In making a determination as to value, then, all the considerations which would influence a willing buyer and a willing seller in coming to terms as to price should be laid before the trier of fact. In a transaction involving a commercial property in a suburban business district, it must be apparent that one such consideration would be the availability of parking facilities. Accordingly the fact that South Orange intended to use the land taken as a municipal parking lot was admissible in evidence. It was something of which the trier of fact should take account. The point made in Sreel, which we repeat here, is that there exists no guaranty that the municipality will continue to devote the land to this purpose for any definite period of time. Testimony would be appropriate, if otherwise admissible, as to the probable length of time the use might continue. This factor -- uncertainty of duration -- should be in the mind of the judge and should be explained to the jury. With this caveat in mind, there is clearly here no reason to exclude consideration of the use to which the plaintiff intends to put the condemned parcel.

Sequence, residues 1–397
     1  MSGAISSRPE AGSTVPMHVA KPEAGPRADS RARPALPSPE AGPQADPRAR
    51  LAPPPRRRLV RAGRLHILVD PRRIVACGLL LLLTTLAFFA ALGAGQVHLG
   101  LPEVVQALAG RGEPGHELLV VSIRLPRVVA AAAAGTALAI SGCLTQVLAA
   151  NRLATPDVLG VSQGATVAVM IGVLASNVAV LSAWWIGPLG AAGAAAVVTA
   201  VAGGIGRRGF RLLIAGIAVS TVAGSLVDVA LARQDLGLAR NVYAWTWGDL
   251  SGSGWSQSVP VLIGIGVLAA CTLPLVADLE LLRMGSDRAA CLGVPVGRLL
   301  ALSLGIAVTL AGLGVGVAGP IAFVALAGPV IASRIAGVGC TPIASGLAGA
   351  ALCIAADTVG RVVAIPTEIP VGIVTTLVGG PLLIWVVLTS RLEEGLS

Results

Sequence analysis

One final point merits comment. Defendant has consistently maintained that it is entitled to a provision in any final judgment binding the plaintiff to perpetual use

[71 NJ Page 369]

of the condemned property for parking purposes or, should there be a future change disadvantageous to it, that it be granted leave to apply at that time for further damages. The contention is without merit. The award or judgment in condemnation represents the full compensation to which the landowner is entitled. The condemnor receives a title in fee simple free and discharged of all interests of the condemnee. N.J.S.A. 20:3-20. See also 4A Nichols, supra, § 14.244.

The decision of the Appellate Division is reversed and the cause is remanded to the Law Division for redetermination, in the light of what has been said above, of the amount of severance damages, if any, to which defendant may be entitled. Either party may submit additional proofs. No costs.

19761021